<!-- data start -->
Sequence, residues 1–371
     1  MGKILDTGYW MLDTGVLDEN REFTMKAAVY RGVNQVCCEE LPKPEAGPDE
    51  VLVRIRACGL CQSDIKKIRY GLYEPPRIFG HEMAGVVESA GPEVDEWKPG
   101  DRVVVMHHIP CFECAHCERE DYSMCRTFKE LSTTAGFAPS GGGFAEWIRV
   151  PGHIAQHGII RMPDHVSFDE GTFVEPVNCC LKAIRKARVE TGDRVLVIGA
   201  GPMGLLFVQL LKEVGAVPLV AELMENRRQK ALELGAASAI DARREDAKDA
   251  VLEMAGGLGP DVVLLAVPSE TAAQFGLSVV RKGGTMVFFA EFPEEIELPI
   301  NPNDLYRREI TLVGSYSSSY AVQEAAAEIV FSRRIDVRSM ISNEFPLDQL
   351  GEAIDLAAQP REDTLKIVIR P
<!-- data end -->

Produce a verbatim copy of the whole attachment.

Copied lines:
Sequence, residues 1–371
     1  MGKILDTGYW MLDTGVLDEN REFTMKAAVY RGVNQVCCEE LPKPEAGPDE
    51  VLVRIRACGL CQSDIKKIRY GLYEPPRIFG HEMAGVVESA GPEVDEWKPG
   101  DRVVVMHHIP CFECAHCERE DYSMCRTFKE LSTTAGFAPS GGGFAEWIRV
   151  PGHIAQHGII RMPDHVSFDE GTFVEPVNCC LKAIRKARVE TGDRVLVIGA
   201  GPMGLLFVQL LKEVGAVPLV AELMENRRQK ALELGAASAI DARREDAKDA
   251  VLEMAGGLGP DVVLLAVPSE TAAQFGLSVV RKGGTMVFFA EFPEEIELPI
   301  NPNDLYRREI TLVGSYSSSY AVQEAAAEIV FSRRIDVRSM ISNEFPLDQL
   351  GEAIDLAAQP REDTLKIVIR P